## Rotating Arrays (part II)

Last week we had a look at Kernighan’s algorithm to rotate an array $k$ position and concluded that it might not be optimal, as each element was moved twice. This week, we’ll have a look at another algorithm that moves some items more than once, but overall will do less than two exchanges per items.

An algorithm (maybe due to Gries, found in his book The Science of Programming (1981)) will iteratively exchange the two largest portions of the array still to move. The algorithm will basically halve the size of the remaining portions, and, on the average, will move items less than twice.

Let’s have a look on the basic idea the algorithm exploits. Say we have an array containing the numbers 1 to 7 (for illustration purposes, the actual values are of no significance to the algorithm), and that we cant to exchange the first three with the last four (that’s equivalent to a rotation to the left of 3 or to a rotation to the right of 4). The algorithm witches the first three with the last three, and the last three are now in their final position. That leaves us with the sub-problem of rotating the first 4 items by one. The algorithm swaps again the largest out-of-place portion of the array, but this time it’s of size one. Once the swap is completed, it leaves us with the problem of rotating an array of size 3 by one; then of size two by one. Eventually the algorithm terminates when the arrays are of size one.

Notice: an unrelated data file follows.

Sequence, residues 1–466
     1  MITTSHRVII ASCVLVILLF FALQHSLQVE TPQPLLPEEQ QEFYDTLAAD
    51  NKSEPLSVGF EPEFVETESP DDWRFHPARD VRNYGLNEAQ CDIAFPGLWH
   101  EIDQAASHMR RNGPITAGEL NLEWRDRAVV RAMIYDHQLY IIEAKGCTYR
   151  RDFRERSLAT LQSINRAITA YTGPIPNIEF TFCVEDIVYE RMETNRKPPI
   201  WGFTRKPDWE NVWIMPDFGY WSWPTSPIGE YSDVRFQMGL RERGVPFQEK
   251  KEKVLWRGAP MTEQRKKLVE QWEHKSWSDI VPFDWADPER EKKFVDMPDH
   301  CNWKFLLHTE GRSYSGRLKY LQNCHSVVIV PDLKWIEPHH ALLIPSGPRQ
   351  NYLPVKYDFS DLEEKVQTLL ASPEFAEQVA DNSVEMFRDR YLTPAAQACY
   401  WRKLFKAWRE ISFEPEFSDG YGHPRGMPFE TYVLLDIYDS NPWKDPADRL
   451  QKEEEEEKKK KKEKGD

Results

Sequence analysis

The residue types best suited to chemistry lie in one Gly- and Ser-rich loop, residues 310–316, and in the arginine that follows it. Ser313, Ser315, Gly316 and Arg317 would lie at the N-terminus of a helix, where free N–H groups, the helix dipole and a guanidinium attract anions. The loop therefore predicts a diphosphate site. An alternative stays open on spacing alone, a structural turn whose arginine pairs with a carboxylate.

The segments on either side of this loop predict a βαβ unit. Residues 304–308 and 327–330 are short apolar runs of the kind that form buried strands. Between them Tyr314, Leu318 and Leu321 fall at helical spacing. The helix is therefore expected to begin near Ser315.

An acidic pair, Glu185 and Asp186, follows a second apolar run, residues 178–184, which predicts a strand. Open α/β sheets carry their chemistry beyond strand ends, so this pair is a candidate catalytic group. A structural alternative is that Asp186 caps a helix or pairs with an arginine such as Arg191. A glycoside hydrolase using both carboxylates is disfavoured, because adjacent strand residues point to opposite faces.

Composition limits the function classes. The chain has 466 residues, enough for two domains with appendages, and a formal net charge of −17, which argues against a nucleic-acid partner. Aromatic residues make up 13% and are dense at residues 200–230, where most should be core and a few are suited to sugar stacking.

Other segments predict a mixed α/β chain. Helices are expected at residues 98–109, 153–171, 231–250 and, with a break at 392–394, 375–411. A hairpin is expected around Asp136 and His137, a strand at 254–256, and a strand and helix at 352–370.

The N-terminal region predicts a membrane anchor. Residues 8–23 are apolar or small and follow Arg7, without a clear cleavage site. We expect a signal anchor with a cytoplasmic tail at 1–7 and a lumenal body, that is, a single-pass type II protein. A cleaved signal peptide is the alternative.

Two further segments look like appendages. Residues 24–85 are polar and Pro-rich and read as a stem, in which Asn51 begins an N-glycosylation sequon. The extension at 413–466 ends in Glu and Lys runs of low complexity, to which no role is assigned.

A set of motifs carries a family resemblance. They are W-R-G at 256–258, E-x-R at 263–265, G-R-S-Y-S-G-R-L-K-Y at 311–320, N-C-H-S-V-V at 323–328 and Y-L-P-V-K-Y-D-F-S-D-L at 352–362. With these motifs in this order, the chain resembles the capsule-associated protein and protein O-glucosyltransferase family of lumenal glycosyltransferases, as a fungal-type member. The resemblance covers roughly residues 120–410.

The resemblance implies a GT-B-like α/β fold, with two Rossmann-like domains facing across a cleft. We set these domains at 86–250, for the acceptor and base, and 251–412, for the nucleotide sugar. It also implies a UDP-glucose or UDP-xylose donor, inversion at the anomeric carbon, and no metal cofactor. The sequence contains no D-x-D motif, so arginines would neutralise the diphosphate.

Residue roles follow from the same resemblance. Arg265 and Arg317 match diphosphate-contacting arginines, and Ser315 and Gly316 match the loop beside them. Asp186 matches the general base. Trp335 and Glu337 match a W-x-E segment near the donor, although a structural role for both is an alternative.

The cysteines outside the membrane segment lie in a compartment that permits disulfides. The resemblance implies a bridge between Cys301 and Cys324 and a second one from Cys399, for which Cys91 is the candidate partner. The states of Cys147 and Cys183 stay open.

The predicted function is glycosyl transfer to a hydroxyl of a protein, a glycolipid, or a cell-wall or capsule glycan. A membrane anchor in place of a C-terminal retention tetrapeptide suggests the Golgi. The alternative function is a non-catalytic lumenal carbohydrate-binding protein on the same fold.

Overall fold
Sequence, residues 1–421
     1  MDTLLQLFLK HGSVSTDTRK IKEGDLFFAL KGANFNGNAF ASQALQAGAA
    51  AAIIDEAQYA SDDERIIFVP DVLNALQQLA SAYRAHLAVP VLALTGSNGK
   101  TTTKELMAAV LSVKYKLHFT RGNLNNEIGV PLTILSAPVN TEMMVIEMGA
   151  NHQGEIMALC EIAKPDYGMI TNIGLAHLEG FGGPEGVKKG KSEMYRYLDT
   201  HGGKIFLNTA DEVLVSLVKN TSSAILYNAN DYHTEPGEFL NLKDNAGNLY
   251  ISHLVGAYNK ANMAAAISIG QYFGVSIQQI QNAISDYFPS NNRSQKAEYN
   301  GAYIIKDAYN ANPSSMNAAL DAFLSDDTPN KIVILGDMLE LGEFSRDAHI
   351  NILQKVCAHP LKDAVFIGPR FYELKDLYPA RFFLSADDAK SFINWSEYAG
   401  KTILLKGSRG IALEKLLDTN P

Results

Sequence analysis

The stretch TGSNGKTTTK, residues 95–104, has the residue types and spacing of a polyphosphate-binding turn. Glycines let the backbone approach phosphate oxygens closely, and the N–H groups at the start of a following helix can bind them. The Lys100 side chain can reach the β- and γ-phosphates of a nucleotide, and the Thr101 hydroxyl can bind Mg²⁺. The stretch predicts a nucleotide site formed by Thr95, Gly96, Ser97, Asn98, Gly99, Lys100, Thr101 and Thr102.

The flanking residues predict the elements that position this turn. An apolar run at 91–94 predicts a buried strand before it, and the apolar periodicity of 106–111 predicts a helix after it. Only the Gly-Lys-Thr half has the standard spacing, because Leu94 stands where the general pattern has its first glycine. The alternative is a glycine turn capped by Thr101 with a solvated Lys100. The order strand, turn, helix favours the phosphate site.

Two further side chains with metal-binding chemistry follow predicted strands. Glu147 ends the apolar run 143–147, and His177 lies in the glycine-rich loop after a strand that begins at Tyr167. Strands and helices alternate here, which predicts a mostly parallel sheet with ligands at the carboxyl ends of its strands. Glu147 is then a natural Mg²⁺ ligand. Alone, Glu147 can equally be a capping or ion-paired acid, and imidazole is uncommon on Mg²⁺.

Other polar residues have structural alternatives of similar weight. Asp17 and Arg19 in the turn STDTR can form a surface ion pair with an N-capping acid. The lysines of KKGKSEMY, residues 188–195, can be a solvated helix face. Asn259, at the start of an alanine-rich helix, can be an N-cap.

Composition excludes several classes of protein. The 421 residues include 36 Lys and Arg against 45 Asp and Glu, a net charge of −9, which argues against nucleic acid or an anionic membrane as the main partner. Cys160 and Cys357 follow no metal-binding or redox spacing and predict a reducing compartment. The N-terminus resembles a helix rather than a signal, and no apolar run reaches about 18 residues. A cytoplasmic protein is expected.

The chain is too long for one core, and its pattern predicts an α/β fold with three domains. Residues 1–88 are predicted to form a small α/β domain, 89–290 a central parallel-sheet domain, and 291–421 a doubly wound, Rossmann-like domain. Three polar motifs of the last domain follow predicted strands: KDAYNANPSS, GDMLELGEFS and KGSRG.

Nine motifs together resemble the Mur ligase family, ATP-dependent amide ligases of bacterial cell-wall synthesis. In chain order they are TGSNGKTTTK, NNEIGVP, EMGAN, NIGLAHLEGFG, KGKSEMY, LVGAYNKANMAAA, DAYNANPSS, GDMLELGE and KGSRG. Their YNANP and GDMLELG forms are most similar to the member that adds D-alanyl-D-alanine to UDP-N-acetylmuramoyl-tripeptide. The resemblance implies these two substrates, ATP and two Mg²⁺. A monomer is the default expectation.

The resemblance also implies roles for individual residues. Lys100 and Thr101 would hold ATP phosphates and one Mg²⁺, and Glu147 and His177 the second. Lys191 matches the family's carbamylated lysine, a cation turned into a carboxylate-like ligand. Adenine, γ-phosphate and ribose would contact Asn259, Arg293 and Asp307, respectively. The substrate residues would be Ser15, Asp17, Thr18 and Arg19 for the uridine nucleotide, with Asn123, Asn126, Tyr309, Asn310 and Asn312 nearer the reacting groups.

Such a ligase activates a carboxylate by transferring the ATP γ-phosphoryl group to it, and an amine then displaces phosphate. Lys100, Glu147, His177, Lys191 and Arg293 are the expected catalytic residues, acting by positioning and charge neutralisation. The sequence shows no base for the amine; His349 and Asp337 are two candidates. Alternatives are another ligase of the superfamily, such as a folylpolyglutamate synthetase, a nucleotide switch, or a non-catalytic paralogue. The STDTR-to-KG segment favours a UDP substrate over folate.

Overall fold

The above example is shown here with a diagram:

The implementation would be as follows:

```template <typename T>
void exchange(std::vector<T> & t,
size_t i,
size_t j,
size_t longueur)
{
for (size_t d=0;d<longueur;d++)
std::swap(t[i+d],t[j+d]);
}

////////////////////////////////////////
template <typename T>
void transpose(std::vector<T> & t,
size_t pos)
{
size_t i=pos;
size_t j=t.size()-pos;

while (i!=j)
{
show(t);
if (i>j)
{
exchange(t,pos-i,pos,j);
i-=j;
}
else
{
exchange(t,pos-i,pos+j-i,i);
j-=i;
}
}
show(t);
exchange(t,pos-i,pos,i);
}
```

*
* *

This algorithm is much more complicated than Kernighan’s version, but is also much more efficient. The number of exchanges is $\Theta(n)$, and the constant is small (the demonstration can be found in Gries’ book). This algorithm also progressively reduces the region of the array that is manipulated, and maybe we could use that to speed-up rotation of large arrays that do not fit in memory (i.e., lives on disk).